The rest of the place was filled with reporters, producers, news cameras, photographers, lookie-loos, and at least four jury members (three sat next to me and the forewoman sat between Sam’s mom and his aunt). There were also three extra Sherrif’s deputies.

Then there was me.

I felt really small and out of place. It was an odd experience knowing that everyone else in the crowd wanted my friend to die. The atmosphere in the courtroom was almost jovial. Before the hearing started, and during the breaks, people seemed cheery, energized and excited. It was as though this was an audience about to see a sold out performance of Hamilton. (I wish.)

I can understand why people hate Daniel so much. My own Facebook feed was riddled with posts from theatre friends with comments like ”it’s about time” and ”if anyone deserves to die it’s this guy,” interspersed with links to newspaper stories about the sentencing.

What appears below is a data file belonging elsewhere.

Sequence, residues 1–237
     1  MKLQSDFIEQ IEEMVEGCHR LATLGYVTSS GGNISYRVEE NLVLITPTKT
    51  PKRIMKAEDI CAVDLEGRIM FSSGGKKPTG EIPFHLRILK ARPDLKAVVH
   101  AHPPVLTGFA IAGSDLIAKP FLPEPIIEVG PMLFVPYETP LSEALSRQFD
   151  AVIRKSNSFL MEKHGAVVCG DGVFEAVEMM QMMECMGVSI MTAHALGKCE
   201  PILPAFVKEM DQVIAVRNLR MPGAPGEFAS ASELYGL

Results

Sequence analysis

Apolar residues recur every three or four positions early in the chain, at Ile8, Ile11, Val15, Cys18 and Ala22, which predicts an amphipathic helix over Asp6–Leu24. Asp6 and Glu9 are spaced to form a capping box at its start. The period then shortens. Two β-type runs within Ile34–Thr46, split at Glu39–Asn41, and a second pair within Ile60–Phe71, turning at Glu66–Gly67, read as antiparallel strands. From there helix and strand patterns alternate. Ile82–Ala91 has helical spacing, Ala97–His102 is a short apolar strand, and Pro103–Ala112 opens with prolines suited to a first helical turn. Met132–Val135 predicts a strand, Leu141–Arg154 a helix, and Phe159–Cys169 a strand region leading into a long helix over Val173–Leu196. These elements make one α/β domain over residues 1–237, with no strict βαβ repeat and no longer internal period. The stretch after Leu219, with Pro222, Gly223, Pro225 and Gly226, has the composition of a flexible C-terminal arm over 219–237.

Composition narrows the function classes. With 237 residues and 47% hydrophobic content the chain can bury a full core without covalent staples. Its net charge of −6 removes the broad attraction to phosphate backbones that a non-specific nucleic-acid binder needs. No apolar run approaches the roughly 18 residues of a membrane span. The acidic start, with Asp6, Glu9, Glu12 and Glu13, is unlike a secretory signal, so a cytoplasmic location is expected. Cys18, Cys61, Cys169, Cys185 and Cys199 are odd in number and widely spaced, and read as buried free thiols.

I had similar views when I first heard all about Daniel Wozniak’s crime. I wasn’t wishing death upon the man, but geez, he murdered a vet.  He dismembered the guy. He murdered an innocent girl to put the blame on the vet. He did all this to pay for his wedding and honeymoon. Yikes!

That is the prosecution’s story, and a lot of people believe it completely. Daniel Wozniak has never spoken out in his defense. The video footage of Daniel’s confession is all most people have ever heard. It’s not a far leap to assume that Daniel Wozniak is an evil and unredeemable sub-human.

I don’t believe the entirety of the prosecution’s story though, and I do speak with Daniel all the time.  I know a different person from the monster described in court.